Is pot the future of the tobacco industry?

LAS VEGAS -- Big tobacco continues to see a slump in sales as regular cigarettes have fallen out of favor. So tobacco giants are now looking at another industry to fire up revenue: marijuana.

Tobacco companies are eagerly watching the increasing popularity of legal marijuana as a growing number of states continue to decriminalize its usage.

“The tobacco companies are probably better positioned than any other business to get into the cannabis business because they know how to make the product, they know how to design it to maximize the addictive potential and they know how to sell it -- they have a huge marketing network that they can plug into worldwide using this,” Dr. Stanton Glantz, professor of medicine and director of the Center for Tobacco Control Research and Education at the University of California San Francisco, told Fox News.

He said it's perfectly natural for big tobacco to want to cash in on pot sales.

“The current trajectory that we're on is we're watching the birth of the new tobacco industry in cannabis,” he added.

Dr. Brian King, deputy director for research translation in the Center for Disease Control and Prevention’s office on smoking and health said “cigarette smoking rates have been steadily declining in the United States for the past five decades.” Better health awareness of the risks of smoking, tough local anti-smoking rules, steep tobacco taxes and e-cigarettes have made smoking regular cigarettes increasingly less popular.

Big tobacco had been eyeing pot as far back as the 1960s and 1970s, according to a 2014 report co-authored by Dr. Glantz, which found secret industry documents discussing the future of marijuana during that era.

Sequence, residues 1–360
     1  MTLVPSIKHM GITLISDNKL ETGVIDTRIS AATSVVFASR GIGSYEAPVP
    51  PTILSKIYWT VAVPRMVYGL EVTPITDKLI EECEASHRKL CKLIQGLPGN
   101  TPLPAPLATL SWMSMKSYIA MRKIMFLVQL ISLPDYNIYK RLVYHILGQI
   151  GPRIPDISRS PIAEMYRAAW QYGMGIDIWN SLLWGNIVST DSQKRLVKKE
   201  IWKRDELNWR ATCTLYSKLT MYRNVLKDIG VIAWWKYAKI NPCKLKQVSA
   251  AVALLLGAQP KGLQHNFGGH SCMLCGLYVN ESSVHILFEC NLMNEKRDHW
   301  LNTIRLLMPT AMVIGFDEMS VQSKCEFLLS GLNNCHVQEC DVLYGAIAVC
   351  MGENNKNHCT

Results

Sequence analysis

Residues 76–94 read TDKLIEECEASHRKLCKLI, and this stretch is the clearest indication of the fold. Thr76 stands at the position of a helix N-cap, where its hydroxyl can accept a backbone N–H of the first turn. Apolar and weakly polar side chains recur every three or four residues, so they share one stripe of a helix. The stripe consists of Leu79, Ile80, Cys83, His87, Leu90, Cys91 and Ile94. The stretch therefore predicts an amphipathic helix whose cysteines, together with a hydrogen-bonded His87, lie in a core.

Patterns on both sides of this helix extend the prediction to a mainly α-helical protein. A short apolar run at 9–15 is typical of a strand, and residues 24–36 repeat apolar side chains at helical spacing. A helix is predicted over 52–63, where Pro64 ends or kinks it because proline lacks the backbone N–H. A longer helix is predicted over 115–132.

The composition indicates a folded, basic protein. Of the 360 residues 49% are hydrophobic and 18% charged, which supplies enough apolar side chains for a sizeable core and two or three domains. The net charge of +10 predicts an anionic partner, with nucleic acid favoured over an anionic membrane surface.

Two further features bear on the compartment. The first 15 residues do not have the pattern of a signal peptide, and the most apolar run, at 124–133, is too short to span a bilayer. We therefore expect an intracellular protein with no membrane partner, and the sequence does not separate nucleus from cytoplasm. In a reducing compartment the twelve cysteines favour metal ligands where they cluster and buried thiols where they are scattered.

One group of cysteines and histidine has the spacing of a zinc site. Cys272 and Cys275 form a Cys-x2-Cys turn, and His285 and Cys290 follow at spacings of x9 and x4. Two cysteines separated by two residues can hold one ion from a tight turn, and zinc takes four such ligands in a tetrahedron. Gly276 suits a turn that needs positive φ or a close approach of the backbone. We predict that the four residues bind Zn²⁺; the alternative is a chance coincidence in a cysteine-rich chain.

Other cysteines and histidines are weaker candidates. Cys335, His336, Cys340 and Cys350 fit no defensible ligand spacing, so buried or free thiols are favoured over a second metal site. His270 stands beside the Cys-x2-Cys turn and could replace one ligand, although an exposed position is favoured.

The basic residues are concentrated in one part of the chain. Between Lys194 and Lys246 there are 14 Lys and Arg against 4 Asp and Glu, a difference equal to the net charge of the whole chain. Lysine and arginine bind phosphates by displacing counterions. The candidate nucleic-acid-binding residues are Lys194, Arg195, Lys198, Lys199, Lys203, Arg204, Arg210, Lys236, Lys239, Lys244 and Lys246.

“It's not totally clear what they were moving toward doing – whether they wanted to actually get into the business and take it over or whether they viewed marijuana as a competitor that they needed to crush,” Dr. Glantz said. “But, they were actively testing the products they were actively thinking about product development and marketing.


Fast-forward to today, and Altria, the world’s largest cigarette manufacturer, has agreed to invest $1.8 billion with Canadian cannabis company, Cronos, for a 45 percent stake in the company and the option for full ownership.

“Through Cronos Group, Altria is better positioned should cannabis become federally permitted,” Altria spokesman George Parman said in a statement to Fox News. “Cronos is an excellent partner for Altria to pursue this new growth opportunity in the global cannabis sector, which this investment will position us to participate in and which we believe is poised for rapid growth over the next decade.”

Big tobacco is eyeing the cannabis industry.

Big tobacco is eyeing the cannabis industry.

The deal, which was announced in December and is expected to close in the first half of this year, is tobacco’s first major venture into marijuana and could be a sign of broader consolidation of the industry further down the road.